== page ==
This paper examines the ethical implications of the Clean Development Mechanism, the United Nation’s climate change initiative that provides incentives to countries and firms in developed countries to motivate investments in greenhouse gas reduction projects in developing countries. Using the tenets of agency theory, we present a solid waste management project in El Salvador as an illustrative example of how the CDM can produce a disproportionately high social cost for the most marginalized populations in the developing world. We suggest that (...) the UN needs to reformulate the CDM so that it more effectively aligns the divergent goals of multiple actors and upholds the UN’s principles for sustainable development, including ethical firm-level behavior. By providing incentives for environmental, economic, and social value creation, the CDM would not only promote ethical norms for profit-seeking firms that participate in the program but also reinforce the UN’s twin pro-poor and environmental objectives. (shrink)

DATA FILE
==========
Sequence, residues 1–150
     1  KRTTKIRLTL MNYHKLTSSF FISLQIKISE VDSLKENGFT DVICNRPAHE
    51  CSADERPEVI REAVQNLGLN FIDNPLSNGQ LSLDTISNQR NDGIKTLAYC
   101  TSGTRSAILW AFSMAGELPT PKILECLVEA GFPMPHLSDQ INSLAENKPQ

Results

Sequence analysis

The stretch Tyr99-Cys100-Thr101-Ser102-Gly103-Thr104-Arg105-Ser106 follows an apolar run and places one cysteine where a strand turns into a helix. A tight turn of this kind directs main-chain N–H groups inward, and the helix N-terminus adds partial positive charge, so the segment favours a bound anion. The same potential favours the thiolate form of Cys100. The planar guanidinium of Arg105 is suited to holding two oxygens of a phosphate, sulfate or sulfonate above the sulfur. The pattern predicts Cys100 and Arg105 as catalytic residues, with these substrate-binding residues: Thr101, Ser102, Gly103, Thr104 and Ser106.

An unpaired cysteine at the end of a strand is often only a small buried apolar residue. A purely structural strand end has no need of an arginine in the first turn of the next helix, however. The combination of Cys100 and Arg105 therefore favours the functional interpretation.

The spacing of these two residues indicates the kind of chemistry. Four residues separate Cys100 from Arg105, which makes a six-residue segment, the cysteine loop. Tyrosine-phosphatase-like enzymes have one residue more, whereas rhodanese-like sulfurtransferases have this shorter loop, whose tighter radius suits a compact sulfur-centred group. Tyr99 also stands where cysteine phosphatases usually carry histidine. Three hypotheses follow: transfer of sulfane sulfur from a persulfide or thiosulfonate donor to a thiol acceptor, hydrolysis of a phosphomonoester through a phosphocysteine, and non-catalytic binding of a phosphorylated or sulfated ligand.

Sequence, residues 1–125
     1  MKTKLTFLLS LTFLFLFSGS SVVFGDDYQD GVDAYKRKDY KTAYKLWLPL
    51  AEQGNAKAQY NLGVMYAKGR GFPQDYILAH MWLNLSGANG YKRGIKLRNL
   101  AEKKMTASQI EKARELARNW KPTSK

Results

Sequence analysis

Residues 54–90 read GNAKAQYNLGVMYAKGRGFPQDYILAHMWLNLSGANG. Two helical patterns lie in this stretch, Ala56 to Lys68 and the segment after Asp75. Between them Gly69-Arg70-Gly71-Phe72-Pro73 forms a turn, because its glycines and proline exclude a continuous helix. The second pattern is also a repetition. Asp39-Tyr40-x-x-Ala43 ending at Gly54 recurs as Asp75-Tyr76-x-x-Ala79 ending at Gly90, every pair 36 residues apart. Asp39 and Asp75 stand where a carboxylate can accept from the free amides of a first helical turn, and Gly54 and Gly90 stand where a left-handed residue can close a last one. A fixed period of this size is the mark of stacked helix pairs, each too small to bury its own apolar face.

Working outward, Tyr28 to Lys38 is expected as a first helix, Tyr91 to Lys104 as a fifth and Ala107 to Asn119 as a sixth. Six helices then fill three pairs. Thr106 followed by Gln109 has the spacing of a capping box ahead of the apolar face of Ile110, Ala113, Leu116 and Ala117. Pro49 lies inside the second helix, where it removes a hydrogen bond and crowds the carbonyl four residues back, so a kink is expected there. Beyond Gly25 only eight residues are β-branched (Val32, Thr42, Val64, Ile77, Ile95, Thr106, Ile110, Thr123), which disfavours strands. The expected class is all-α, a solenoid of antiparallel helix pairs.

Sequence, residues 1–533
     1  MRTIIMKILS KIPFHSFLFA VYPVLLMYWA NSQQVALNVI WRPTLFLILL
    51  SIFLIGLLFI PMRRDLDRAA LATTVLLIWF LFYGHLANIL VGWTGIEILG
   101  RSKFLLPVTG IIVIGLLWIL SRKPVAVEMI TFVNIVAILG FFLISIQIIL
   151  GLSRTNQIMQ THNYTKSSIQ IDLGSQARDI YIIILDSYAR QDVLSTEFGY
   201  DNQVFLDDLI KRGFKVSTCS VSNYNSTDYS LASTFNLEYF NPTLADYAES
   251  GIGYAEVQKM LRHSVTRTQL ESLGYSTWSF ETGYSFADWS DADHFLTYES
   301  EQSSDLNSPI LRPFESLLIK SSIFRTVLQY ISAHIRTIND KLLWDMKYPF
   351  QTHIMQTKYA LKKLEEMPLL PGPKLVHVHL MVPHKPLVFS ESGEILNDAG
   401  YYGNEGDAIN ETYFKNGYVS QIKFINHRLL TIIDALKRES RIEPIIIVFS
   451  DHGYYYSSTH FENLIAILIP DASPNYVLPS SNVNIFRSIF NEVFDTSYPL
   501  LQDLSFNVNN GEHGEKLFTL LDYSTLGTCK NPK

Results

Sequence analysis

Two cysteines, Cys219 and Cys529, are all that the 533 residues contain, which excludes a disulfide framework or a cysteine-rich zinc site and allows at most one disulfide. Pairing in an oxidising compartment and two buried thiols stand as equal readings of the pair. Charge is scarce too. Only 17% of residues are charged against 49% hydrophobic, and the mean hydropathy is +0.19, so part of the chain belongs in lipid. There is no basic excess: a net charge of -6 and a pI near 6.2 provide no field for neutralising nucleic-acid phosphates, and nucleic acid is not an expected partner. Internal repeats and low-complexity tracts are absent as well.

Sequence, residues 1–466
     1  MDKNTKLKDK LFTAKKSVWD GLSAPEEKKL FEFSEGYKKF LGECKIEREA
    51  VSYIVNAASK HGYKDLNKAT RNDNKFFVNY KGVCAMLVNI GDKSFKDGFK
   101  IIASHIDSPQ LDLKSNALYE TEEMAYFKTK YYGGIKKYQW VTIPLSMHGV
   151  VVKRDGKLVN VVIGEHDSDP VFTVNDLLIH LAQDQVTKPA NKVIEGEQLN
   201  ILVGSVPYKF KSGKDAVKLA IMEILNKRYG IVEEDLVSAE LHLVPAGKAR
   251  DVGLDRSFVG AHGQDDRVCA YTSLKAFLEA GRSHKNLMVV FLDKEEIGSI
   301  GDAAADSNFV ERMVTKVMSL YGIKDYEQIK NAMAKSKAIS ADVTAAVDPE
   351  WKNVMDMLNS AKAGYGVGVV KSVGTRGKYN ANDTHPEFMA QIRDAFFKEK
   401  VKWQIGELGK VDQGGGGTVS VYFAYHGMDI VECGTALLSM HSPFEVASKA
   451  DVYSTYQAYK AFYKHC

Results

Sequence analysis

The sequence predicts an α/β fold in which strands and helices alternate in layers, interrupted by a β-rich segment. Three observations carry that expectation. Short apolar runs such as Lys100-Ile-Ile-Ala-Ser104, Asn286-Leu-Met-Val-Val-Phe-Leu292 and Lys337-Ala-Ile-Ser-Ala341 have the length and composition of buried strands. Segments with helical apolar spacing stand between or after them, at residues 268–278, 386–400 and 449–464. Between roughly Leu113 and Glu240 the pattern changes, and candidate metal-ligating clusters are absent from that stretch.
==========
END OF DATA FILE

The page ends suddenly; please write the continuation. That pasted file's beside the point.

This article contributes to the development of a professional responsibility theory of public relations ethics. Toward that end, we examine the roles of a public relations practitioner as a professional, an institutional advocate, and the public conscience of institutions served. In the article, we review previously suggested theories of public relations ethics and propose a new theory based on the public relations professional's dual obligations to serve client organizations and the public interest.
The principle of respect for autonomy is increasingly under siege as a valuable component of healthcare ethics. Its critics charge that it has been elevated to a position out of proportion to its contribution, so that the individual's wishes and rights have come to dominate healthcare decisionmaking, while obligations and responsibilities are ignored or devalued. If we are to salvage respect for autonomy we must find a way to reconnect the individual and the community, rights and responsibilities, in the way (...) we think about, discuss, and make healthcare decisions. (shrink)